Sunday, January 9, 2011

2011 Serendipity 1. Celebrate an 80th Birthday

The man of the hour, my father -- Donald Siplon-- at his 80th birthday party. I find it slightly disconcerting that I have about the same amount of gray hair that he does.
 My parents are the only two people I know who retired from Florida in order to move to Michigan.  But when you consider that my dad was born and raised in Western Michigan, and you can't go ten steps without running into someone to whom I'm closely or distantly related, it starts to make a bit more sense as a retirement destination.  I have to admit that making the winter trip from snowy New England to Florida used to be somewhat more enticing than the same trip to Western Michigan.  But it's not every day that your father reaches his 80th birthday, so it was off to Michigan to join my siblings and the rest of my family for a celebration of this great occasion.

After the party --back row: Brian, Katrinka, Susan, me and Rick; front row: Mom, Dad, Tigist, Emma, Jim, Grace, Daisy, Donna, Alex and Jean

We kids have definitely scattered.  I live in Vermont, my older brother Jim and his family live in North Carolina, my sister Katrinka and her family live in Tacoma, Washington, and youngest sister, Donna and her family are the sole Michigander group among the siblings.  Then there is my "other brother", Jean, or as my sister Katrinka puts it, "Don's oldest son, but not his first".  Jean is French, and joined our family in 1973 in his first visit as a teenage french exchange student when Katrinka, Jim and I were in elementary school (and Donna was not yet born).  He's now a doctor with three kids of his own, and has been back countless times. He has also hosted various family members as well as sending his own kids to stay with members of our family over the years.  He came with his girlfriend Mary from France for the occasion, since, obviously, a family party would not be complete without him.
All my dad's kids back home after the party: me, Katrinka, Donna, Jim and Jean
At the party, each of us got a chance to toast my dad, and tell some stories about him, then we opened the floor for other friends and relatives to do the same.  Finally, my mom and dad both spoke and we had cake and champagne.
My Dad saying a few words after everyone else has had their turn, while my mom and the kids look on

Back at home that night we launched into a round of political debates, since it's not possible for us all to gather without one.   And finally, as people peeled off for bed, my dad told my sister Katrinka and me stories late into the night about his early days in the Navy when he served as a hospital corpsman in New York City, and the tragic fate of some of his closest friends there, who died in the Inchon Invasion in the Korean War.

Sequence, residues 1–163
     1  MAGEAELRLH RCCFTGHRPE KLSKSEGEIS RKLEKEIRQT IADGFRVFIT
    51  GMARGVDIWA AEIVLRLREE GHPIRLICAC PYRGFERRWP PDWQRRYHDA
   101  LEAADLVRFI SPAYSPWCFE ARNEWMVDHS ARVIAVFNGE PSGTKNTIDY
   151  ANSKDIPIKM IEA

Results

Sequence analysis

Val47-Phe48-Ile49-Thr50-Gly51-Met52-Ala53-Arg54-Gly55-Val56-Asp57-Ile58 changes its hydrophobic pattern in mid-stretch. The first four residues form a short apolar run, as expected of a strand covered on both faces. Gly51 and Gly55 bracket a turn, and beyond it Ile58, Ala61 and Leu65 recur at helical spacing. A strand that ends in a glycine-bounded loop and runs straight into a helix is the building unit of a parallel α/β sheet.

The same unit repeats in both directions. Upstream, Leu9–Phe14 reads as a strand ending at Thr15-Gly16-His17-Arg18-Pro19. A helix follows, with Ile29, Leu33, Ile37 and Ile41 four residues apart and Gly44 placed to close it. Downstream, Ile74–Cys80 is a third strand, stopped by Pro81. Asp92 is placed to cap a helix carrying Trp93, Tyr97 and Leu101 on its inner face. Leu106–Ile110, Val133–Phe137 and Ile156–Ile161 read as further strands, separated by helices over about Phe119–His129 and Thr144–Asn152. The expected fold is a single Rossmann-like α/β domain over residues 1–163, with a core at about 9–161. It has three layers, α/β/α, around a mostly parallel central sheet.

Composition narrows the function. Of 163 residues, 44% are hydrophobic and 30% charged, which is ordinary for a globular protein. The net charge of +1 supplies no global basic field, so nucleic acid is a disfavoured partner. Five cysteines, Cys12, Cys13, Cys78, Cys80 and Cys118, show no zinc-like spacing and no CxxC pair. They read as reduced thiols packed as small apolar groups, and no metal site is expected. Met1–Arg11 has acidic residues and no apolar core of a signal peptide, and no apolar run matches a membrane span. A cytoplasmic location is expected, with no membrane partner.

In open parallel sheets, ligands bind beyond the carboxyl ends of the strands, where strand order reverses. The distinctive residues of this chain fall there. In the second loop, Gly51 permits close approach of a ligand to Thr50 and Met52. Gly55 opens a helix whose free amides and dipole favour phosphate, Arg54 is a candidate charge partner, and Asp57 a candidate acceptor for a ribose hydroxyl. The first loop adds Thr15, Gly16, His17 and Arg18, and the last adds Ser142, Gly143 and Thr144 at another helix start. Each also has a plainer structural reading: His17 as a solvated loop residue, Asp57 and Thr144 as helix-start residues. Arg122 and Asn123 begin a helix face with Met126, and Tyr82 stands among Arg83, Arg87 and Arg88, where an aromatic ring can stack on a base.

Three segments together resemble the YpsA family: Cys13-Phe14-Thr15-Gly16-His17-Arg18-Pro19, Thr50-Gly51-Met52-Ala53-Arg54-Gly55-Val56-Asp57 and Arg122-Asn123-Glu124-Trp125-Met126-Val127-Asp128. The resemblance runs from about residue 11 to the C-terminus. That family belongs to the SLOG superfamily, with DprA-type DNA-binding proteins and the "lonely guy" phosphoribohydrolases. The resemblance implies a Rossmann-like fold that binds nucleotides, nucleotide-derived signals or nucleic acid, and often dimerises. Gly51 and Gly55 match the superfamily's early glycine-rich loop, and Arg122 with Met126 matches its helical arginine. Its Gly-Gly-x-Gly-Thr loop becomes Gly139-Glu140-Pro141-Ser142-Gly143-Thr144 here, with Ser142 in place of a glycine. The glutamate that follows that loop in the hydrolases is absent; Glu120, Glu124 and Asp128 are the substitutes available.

The next day Jim, Susan, Emma and Grace started the drive back to North Carolina after all of us took a lunch time trip to the resort town of Pentwater and the Brown Bear.  It was cold, but the lunch portions at the Brown Bear were huge, so we felt amply compensated.
Dad and his "non-identical twin" brother, Bob who came from Wyoming.  They were born on the same day, exactly 15 years apart.

Jean and Mary came all the way from France for the party.  Here they're braving the cold in front of Lake Michigan in Pentwater with my dad.
Tomorrow, most of us head back home through the snow to our various corners of the world feeling a little bit luckier for having been able to celebrate a milestone in the life of someone very important to all of us, my dad.  We are all the products of our experiences and the people of our lives.  My mother has always maintained that, of all the children, I am the one who is most like my father.  If that's true, I think I'm pretty lucky. When I was a kid, my dad was the most principled person I knew, and the one most interested in new ideas and perspectives.  He also taught us that the greatest lessons are learned through example as much as lecture, and that there is no substitute for integrity in the way we live our lives. I'd like to think that I learned through his example, and I'm hoping to keep learning from him in the years to come.  Happy 80th birthday, Dad!


  1. So sorry we missed the festivities but I am glad that your dad got appropriately feted by family and friends. We send out love to him and all of you and hope he stays in good health for the next 80 years!

  2. How wonderful that you were all together to celebrate. Love the pictures, much love to all of you and see you SOON.